The Electoral College: Is Reform Needed?

December 16, 2020, 7:30 pm, free online event

As we move past the contentious 2020 election, one particular question has surfaced once again this election cycle: Is the way we elect the President in this country still working? The electoral college – our nation’s complicated method of electing presidents -- has been under fire since its inception more than 200 years ago.

The system allows one candidate to win the popular vote but another to win the electoral vote and thus the Presidency. Four candidates in U.S. history have won the popular vote but not the Presidency as they did not secure enough votes in the Electoral College. Tonight, we look at the roles race, politics, and geography have played in the electoral college and explore if reform is needed or not.

Join our panelists, all representing varying perspectives on voting and the electoral college, for a lively discussion, followed by a brief Q & A.

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The Electoral College: Is Reform Needed?

Jesse Wegman
Moderator

Jesse Wegman is a member of the New York Times editorial board, where he has written about the Supreme Court and legal affairs since 2013. His book "Let The People Pick The President: The Case for Abolishing the Electoral College" was published in March by St. Martin's Press.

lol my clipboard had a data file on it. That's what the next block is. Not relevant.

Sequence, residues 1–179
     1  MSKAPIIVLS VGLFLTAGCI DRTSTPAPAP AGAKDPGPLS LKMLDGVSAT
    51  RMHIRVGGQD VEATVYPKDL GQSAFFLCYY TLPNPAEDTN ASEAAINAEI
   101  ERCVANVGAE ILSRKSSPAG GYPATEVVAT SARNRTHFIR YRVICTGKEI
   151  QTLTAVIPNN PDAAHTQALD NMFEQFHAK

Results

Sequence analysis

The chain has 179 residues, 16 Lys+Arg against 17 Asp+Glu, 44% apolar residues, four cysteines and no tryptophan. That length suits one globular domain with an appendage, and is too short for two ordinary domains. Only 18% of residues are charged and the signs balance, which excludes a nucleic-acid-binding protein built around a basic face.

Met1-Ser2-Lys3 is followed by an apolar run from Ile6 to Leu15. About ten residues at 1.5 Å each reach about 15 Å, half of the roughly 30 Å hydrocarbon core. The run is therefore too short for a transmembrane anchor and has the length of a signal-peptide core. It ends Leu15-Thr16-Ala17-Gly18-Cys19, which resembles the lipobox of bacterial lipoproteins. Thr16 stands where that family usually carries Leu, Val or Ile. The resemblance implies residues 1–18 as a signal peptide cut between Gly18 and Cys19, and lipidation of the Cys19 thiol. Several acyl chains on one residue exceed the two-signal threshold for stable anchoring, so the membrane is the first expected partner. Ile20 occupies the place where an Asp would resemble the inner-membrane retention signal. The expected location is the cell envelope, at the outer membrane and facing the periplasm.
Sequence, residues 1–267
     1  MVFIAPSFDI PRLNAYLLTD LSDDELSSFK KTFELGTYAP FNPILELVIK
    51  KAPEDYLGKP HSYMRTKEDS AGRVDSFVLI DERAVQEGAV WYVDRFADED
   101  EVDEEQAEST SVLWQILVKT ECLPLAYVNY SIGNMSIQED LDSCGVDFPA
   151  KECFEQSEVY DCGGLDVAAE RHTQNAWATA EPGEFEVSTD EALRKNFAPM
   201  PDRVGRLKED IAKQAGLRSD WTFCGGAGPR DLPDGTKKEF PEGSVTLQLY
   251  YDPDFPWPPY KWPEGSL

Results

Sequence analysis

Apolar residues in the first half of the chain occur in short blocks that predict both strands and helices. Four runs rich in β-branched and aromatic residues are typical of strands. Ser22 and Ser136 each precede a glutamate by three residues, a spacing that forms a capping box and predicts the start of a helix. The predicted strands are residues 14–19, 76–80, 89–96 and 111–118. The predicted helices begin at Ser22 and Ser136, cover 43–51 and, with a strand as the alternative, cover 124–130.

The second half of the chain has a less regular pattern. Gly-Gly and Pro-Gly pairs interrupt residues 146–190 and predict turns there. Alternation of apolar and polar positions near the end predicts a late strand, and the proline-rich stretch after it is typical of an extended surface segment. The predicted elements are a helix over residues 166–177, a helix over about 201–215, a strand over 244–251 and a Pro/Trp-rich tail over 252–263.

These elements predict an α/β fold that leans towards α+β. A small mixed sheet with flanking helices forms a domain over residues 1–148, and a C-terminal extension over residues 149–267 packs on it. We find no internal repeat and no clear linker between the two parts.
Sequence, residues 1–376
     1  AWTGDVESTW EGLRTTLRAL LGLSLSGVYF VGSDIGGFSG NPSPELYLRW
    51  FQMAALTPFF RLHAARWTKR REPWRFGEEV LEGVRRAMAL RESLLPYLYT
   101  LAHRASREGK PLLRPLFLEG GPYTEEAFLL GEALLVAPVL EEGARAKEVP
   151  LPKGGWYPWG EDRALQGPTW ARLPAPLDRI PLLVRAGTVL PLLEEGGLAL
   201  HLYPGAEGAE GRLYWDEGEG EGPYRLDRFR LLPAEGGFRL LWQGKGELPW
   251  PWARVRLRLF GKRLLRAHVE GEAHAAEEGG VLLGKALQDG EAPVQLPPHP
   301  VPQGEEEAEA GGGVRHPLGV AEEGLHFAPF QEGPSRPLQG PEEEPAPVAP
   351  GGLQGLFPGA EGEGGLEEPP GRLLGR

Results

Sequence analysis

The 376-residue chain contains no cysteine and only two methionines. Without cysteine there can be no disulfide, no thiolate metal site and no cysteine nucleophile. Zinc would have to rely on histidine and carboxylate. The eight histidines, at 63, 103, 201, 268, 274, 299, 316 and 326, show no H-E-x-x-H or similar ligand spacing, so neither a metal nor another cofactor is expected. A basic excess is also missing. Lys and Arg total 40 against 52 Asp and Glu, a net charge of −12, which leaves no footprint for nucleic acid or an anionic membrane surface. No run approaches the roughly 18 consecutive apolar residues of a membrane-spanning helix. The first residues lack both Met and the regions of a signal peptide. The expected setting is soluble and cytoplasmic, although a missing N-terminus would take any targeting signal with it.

Amel Ahmed
Panelist

Professor Amel Ahmed is the Associate Professor of Political Science at University of Massachusetts Amherst. Her main area of specialization is democratic studies, with a special interest in elections and voting systems. She is author of “Democracy and the Politics of Electoral System Choice: Engineering Electoral Dominance".

Erin Geiger Smith
Panelist

​Erin Geiger Smith is a freelance reporter for publications including The Wall Street Journal and The New York Times. She is the author of the book, “Thank you for Voting".  Previously, she worked at Reuters and Business Insider covering legal news. She graduated from Columbia's Graduate School of Journalism, The University of Texas School of Law, and the University of Texas at Austin.

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If you enjoy a lively exchange of ideas on today’s hot button topics, the JCC’s acclaimed discussion series is for you. We bring together distinguished scholars, thought leaders and expert moderators for thought-provoking dialogue on issues of concern to the Jewish community and beyond.

The series is named in honor of Jonathan Samen (z”l), past chair of the JCC Greater Boston Governing Board, to recognize his legacy of leadership. View donors.

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